1. Copy What’s Important
If you want your copy to be successful, it must have the gem that made your model work popular. This varies from work to work, so it may take some sleuthing to figure out what it is. But I’ll give you a hint: it’s not in the specifics. It’s not specific characters in a specific place or even a specific genre. Instead, what you’re looking for is closer to:
- Mood, atmosphere, and themes of the work
- Storytelling aspects that are particularly strong, such as worldbuilding, characters, or plotting
- Satisfaction of audience needs, such as wish-fulfillment or representation for a particular group
- Novelty and innovation introduced
Fifty Shades of Grey has successfully emulated Twilight, even though the writing is terrible and all the supernatural components were removed. It isn’t the vampires that made Twilight a success; unfortunately, it’s the focus on an intense and abusive relationship. Both works have a love interest that far outmatches the humble protagonist, and both works emphasize that their relationship is dangerous to the main character.
To discover what makes a work popular, look at online discussions and reviews. Take notes not only on why people say they liked it, but also on what parts they think are worth talking about, who is doing all the talking, and how it made them feel. Then look for ways to give those people the same spark.
2. Study the Skills You Need
Most of the storytellers behind classic works are exceptionally skilled at one or two aspects of the craft. That includes both the obvious aspects of the work, such as the plot, and the ones that go unnoticed. Tolkien is well known for his thorough worldbuilding, but he’s also a master of wordcraft. He needed that skill to write prose that would invoke mystery and wonder.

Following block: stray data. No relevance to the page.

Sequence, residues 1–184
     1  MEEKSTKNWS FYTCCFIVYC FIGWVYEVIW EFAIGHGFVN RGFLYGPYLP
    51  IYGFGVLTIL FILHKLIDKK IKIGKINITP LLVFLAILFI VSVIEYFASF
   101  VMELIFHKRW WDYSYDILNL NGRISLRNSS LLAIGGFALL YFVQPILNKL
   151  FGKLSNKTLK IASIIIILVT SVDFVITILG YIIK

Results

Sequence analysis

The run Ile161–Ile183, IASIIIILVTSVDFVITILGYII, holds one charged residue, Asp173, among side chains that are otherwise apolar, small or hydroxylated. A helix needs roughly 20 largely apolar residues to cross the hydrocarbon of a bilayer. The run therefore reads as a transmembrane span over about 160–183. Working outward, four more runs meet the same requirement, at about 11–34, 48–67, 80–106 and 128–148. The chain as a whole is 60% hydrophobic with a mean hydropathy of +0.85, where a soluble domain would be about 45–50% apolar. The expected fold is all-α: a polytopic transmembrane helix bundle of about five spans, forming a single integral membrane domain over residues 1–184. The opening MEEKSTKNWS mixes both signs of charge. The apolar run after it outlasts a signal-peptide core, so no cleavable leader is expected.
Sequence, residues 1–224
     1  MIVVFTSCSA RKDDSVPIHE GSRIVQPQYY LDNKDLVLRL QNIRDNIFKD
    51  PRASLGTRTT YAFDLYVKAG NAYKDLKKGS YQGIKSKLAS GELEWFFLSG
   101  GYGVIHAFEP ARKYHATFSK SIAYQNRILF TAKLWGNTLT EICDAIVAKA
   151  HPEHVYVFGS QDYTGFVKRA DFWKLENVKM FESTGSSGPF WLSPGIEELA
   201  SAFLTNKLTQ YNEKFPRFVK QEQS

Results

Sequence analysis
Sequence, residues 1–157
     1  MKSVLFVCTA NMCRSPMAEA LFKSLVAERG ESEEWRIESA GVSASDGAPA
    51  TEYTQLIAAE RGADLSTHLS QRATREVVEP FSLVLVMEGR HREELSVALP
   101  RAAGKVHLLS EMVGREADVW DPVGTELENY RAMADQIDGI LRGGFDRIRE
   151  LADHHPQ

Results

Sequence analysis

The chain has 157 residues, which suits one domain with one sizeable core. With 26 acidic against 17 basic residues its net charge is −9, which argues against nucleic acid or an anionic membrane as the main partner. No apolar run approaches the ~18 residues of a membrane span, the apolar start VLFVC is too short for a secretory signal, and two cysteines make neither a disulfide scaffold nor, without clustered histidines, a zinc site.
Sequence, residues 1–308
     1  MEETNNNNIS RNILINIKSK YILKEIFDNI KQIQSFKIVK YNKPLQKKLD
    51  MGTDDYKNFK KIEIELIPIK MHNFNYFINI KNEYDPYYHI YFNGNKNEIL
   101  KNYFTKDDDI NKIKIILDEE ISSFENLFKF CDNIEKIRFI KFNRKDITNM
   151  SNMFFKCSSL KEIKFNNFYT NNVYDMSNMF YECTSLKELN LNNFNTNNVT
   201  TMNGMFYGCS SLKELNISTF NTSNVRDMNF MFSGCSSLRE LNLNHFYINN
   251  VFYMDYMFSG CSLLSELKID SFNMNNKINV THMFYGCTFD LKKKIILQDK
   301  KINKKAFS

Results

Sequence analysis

Before you start, it’s worth asking what skills are needed to create another Buffy the Vampire Slayer or Star Wars. Then you need to be honest about whether you have those skills and, if you don’t, whether you think you can acquire them and still finish your project in decent time.
Without the skills the original storyteller relied on, your attempts to emulate the work are unlikely to succeed. For instance, Buffy is popular because of the fresh characters and their funny interactions. If you can’t create memorable characters and amazing dialogue, you’ll have a lot of trouble creating another Buffy.
Often, doing the dialogue or worldbuilding justice is a factor of time. You may not be a master of dialogue, but if you can invest a lot of time reviewing character lines from the model work and repeatedly polishing your own, that might be enough. Otherwise, consider emulating a different work, one where the storyteller’s strengths are a better match for your own. You may not be able to create another Buffy, but perhaps you could create another Lord of the Rings.
3. Do the Buildup
After fans finish a story, it’s usually the ending that sticks in their minds. This portion is not only what they read most recently but also the most intense, epic, and memorable. So it’s no surprise that when storytellers try to copy another work, what they are most likely to copy is the end.
But this ignores all the groundwork that went into making the end amazing. Endings aren’t an island; they are the culmination of the entire story. When Luke redeems Vader at the end of Return of the Jedi, it’s memorable because viewers have heard for three movies about Luke’s quest to become a full-fledged Jedi, his temptation to turn to the dark side, and the threat Vader poses.
The magical elements from Lord of the Rings feel wondrous because readers have heard about ordinary things at length. Tolkien opens his epic tale not with the elves but with the more mundane hobbits. The event making waves at the start is just a big party, and Gandalf is presented as some guy who does the fireworks. This slow start, while boring to many, gives readers a baseline of normality against which they can compare the strange and magical. Few of Tolkien’s countless imitators have used that much restraint.